UMC Groningen to lead EU study to increase vaccination in communities of color
The University Medical Center Groningen (UMCG) will lead an international study to increase the vaccination coverage among ethnic minorities and people of color. In the Netherlands, the focus is on Turkish and Moroccan girls, and the vaccination against HPV, the Human Papillomavirus that can cause cervical cancer.
3.3 million euros have been made available from the project from the EU Horizon 2020 program.
In a press release, the UMCG wrote that vaccination coverage among minorities and people of color in Europe is “unacceptably lower” compared to the general population. “For example, in the Netherlands, vaccination coverage for meningococci among Turkish and Moroccan adolescents is 30 percent lower than among other adolescents.”
Worse access to healthcare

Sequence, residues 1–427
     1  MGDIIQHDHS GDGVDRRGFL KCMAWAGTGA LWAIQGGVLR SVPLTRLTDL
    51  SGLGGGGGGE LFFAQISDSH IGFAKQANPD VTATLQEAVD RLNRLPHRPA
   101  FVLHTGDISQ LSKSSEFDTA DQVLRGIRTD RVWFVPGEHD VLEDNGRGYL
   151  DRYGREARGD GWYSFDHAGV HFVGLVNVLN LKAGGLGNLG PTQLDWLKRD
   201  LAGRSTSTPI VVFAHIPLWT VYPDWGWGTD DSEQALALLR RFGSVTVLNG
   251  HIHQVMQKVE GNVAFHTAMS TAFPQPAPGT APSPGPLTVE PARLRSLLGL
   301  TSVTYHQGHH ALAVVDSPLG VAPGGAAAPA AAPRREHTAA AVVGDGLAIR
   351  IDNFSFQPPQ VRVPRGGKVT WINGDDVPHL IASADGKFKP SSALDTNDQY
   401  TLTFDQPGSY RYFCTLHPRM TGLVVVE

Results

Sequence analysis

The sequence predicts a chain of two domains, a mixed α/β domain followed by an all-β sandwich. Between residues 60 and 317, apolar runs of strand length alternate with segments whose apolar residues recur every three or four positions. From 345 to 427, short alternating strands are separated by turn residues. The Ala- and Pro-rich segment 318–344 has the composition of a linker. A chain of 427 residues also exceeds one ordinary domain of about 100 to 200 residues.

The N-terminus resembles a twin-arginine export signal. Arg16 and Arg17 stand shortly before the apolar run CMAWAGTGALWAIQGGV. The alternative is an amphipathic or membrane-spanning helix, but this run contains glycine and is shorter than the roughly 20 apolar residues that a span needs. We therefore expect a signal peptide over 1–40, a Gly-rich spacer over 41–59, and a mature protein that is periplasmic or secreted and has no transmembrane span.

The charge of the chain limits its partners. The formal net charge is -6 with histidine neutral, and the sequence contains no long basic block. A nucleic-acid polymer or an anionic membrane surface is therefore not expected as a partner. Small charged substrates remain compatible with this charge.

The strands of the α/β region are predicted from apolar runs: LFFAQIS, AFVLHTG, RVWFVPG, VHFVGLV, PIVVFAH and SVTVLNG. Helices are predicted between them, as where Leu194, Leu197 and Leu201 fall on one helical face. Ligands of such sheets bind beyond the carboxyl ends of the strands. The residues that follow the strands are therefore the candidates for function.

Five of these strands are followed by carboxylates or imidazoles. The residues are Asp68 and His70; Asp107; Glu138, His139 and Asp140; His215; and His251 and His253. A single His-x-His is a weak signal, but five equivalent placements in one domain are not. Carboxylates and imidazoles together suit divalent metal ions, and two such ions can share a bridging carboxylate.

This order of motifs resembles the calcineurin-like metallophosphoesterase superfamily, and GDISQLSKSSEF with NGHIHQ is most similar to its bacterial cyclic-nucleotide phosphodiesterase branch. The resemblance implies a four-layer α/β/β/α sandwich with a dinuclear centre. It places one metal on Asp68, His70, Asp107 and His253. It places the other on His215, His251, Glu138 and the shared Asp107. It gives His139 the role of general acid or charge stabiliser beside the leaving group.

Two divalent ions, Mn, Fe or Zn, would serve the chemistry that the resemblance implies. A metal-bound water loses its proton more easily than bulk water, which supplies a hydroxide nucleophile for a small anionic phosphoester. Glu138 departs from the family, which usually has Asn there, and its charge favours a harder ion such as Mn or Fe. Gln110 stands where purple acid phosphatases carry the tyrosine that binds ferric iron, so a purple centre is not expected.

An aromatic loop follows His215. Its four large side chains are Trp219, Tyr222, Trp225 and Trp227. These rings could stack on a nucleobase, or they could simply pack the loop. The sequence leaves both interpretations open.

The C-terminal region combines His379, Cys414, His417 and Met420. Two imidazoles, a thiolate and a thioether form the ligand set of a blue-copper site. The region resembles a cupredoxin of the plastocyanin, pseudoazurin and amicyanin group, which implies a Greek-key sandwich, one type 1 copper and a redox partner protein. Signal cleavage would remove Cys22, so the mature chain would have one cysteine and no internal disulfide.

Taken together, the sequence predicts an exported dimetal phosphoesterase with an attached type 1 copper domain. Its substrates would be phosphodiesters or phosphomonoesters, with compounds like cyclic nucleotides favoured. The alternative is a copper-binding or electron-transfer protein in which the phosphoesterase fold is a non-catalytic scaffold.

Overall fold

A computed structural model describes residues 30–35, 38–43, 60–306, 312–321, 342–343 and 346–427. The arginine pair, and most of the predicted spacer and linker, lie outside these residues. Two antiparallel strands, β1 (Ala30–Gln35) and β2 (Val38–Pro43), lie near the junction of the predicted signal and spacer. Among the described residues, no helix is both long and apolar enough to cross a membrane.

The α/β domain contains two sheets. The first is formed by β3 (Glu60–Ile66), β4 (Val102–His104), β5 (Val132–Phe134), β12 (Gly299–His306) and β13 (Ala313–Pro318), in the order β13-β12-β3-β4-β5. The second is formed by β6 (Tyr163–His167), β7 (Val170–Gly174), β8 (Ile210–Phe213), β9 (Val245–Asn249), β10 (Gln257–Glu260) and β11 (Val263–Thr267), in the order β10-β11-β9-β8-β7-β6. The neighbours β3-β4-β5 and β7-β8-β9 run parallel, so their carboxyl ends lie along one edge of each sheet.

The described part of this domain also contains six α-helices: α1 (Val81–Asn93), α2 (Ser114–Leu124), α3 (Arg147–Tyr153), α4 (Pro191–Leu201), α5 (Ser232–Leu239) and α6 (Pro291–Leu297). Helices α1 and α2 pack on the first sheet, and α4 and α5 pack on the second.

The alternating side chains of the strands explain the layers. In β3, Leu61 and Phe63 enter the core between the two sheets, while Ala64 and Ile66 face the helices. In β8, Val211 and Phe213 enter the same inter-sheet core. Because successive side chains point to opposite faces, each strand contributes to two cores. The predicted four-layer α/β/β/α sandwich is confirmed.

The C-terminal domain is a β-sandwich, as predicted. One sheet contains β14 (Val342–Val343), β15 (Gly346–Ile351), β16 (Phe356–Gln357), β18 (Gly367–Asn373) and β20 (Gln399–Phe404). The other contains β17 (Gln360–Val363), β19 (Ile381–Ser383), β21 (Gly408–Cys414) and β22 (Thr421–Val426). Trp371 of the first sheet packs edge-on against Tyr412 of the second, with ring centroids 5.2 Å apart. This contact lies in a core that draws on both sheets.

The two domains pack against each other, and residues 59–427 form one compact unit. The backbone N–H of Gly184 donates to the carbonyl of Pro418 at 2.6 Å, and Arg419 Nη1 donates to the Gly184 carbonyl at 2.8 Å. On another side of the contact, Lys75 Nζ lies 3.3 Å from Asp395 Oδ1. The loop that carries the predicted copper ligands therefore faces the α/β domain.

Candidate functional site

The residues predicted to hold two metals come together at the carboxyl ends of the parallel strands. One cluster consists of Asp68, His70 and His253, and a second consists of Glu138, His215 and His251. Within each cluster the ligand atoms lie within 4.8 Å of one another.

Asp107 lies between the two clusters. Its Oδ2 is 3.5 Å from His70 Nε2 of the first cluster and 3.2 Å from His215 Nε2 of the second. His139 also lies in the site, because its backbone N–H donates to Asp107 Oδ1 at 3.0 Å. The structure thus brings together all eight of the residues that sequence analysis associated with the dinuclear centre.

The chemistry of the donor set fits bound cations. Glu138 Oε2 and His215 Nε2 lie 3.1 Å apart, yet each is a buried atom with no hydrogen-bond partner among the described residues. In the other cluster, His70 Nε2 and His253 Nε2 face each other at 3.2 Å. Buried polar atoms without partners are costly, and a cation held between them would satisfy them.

The main reason for the lower vaccination coverage is the lack of access to good healthcare for minority communities. Research around increasing vaccination coverage has mainly focused on changing the beliefs and attitudes of target groups themselves. “Our research focuses on changing healthcare and how we can increase vaccination coverage with targeted interventions,” says UMCG researcher and project leader Daniëlle Jansen.
Turkish and Moroccan girls
The research project will last five years and focuses on five disadvantaged communities in four European countries: the Netherlands, Greece, Poland, and Slovakia. In the Netherlands, the research focuses on Turkish and Moroccan girls and the HPV vaccination.
Jansen says that “these are communities that are confronted with barriers to access to healthcare because it often does not respond sufficiently to their specific needs and context. Think of poverty, and different language, limited health skills, or social exclusion.”
Other vulnerable communities
In the project, the researchers also look at vulnerable communities with high vaccination coverage despite being perceived as disadvantaged, for example, the Somali community in Finland, the Arab community in Israel, and the Bengali community in the United Kingdom. Insights gained there will be converted into interventions for less vaccinated communities in the EU.